Just looking at that title makes me tired, what a long name. But not as tired as my back after hauling it to the curb in Williamsburg, where Main Drag Music did right by me – in fact, they took better pictures than I ever could, so here they are:
4 of the original control knobs needed new caps, so we just popped those off and put modern repros on there. Swapped out the power cord and tubes, and shielded the high input wire going to the first tube grid, to prevent frequency oscillations. They did killer work, both inputs sound just as they should, and even the cleans have a 3D quality to them that other Marshalls I’ve played failed to have.
These originally came with Blackbacks or at least Celestions for sure, the Fanes date from around the same time but were definitely added in 1984. I know because both still have the red inventory stickers on them from ’84, ha! These late 70s Fanes can blow the doors off as you can imagine, but they sound so good that they’re staying in there. Word is that they’re not similar to the Fanes found in some Hiwatt cabs of that era, which makes sense what with how the overdrive retains a sense of self.
Here’s an interesting tidbit. Check out the serial number:
See how it ends with a “J”? That means that the chassis was built in 1977, according to this article:
And the serial numbers on the original iron – both the power and output Drake transformers are within the date range for 1977:
Those are good sources showing that 1977 was the first year for the rocker switches instead of the toggles (although Canada kept the toggles). For some reason, my amp retains the EL34 power tubes, which I like since I find the headroom and clarity to be improved, which is a bit easier transition for me, coming from the Fender Blackface world. Plus I believe in 1977 they still used mustard caps instead of the square caps. Didn’t take internal pics to confirm, but I’m not going to monkey around inside the chassis at this point since it sounds so good, ha.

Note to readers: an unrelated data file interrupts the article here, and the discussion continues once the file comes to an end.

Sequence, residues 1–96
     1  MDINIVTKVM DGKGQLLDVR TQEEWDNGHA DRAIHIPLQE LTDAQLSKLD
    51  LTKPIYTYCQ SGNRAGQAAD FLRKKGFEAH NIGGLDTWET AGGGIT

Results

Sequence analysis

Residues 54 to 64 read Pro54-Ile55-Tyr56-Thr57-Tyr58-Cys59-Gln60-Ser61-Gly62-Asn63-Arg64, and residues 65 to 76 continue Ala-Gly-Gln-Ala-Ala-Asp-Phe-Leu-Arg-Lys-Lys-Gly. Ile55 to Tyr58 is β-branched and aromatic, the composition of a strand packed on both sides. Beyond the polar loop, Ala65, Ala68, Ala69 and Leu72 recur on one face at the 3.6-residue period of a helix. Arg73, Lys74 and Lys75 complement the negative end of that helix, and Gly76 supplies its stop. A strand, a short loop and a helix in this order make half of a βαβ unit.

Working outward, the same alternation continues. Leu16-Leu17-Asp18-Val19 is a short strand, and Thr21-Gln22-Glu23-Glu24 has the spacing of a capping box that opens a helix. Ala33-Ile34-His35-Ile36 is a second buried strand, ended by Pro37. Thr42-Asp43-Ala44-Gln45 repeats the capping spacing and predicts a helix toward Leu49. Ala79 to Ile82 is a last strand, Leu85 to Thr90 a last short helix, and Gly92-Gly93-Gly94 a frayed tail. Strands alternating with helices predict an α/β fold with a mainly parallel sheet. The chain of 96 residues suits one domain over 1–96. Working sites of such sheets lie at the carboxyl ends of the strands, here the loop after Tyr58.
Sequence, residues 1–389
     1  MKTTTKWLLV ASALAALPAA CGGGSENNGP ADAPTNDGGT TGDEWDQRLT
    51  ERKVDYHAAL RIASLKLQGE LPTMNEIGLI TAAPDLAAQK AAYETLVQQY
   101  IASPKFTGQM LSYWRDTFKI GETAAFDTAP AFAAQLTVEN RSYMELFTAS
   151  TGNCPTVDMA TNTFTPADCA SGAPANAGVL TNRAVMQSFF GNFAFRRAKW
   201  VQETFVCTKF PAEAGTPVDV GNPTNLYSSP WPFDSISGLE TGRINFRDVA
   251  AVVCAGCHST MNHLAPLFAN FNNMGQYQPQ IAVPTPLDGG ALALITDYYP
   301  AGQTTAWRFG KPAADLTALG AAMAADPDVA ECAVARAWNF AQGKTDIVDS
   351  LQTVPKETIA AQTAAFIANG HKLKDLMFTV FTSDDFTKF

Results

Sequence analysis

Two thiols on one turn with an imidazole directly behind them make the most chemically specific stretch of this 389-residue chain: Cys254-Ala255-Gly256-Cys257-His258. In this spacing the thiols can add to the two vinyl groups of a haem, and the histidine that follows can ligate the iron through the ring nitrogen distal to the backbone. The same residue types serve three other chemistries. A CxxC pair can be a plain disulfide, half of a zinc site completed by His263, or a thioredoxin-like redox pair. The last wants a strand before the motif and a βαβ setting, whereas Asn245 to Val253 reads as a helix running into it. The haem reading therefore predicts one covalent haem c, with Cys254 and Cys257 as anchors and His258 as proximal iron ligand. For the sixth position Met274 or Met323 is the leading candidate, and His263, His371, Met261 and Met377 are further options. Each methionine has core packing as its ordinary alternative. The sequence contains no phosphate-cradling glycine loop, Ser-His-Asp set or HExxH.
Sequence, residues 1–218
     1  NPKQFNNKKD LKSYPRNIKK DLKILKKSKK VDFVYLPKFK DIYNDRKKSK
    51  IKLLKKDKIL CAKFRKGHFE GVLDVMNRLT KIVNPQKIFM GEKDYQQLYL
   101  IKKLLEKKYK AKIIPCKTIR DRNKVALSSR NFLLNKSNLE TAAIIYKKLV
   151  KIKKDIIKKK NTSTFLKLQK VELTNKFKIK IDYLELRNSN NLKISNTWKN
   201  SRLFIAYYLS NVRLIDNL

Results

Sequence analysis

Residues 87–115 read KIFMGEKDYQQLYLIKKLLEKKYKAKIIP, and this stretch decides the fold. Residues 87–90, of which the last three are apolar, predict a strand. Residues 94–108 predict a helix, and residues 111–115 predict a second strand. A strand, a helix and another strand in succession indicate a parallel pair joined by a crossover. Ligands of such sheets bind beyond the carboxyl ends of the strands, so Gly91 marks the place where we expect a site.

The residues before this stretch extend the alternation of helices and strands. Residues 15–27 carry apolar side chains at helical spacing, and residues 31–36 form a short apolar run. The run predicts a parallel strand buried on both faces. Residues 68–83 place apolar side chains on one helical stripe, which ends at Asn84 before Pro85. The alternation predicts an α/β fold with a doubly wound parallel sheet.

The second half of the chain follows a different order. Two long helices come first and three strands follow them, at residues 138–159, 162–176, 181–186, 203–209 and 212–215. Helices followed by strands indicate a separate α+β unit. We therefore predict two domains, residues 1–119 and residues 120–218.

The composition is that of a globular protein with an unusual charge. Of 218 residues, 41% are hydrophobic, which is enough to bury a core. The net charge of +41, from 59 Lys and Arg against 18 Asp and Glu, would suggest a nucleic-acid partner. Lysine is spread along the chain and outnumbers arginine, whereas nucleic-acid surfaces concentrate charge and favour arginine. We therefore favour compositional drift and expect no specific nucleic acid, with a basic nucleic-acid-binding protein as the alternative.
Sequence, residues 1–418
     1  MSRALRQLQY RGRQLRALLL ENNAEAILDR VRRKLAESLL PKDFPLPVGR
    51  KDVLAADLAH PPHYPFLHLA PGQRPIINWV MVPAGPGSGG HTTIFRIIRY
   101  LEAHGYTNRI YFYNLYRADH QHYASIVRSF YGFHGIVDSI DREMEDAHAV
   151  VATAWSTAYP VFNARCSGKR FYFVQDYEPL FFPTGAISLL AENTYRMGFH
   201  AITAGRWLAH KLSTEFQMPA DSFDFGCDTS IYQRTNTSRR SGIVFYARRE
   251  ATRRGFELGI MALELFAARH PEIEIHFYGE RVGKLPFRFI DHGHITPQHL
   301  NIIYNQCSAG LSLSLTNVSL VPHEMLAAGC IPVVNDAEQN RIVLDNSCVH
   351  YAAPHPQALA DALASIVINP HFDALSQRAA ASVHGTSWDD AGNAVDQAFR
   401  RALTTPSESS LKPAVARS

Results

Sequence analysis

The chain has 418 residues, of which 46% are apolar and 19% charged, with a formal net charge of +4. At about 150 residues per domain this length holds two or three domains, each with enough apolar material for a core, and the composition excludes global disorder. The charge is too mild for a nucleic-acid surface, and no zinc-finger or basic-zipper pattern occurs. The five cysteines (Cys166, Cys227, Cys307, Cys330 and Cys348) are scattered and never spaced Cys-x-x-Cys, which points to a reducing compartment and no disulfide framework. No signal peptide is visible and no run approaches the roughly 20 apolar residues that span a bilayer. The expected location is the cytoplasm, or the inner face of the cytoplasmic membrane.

Suffice to say, there are a few internal and external differences from your typical JCM 800 Model 2204 50W head that is so synonymous with 80s Metal, but hey, this late 70s JMP is more alike than not with that eventual configuration, especially compared to the vertical input early 80s versions. Well, with the massive exception of using an open back 2X12 combo cab of course!
Anyhow, this is an amazing sounding amp. Of course it can rock, but it is also far more versatile than I expected. It really cleans up beautifully as well, but when you crank it, man, that’s the business.
I thought I had to get the chassis off to replace the handle. I was wrong. But hey since I had it off, I took a look at the tubes – one of the 12AX7 tubes was a JJ so I replaced it with a NOS RCA greyplate. And take a look – a few things replaced here and there but for the most part you can see it was from the mustard cap era:
Still sounds killer! Tried it with my ES-335 today, and I love how I can control that feedback perfectly now that the PS2 brings the rage down to respectable levels.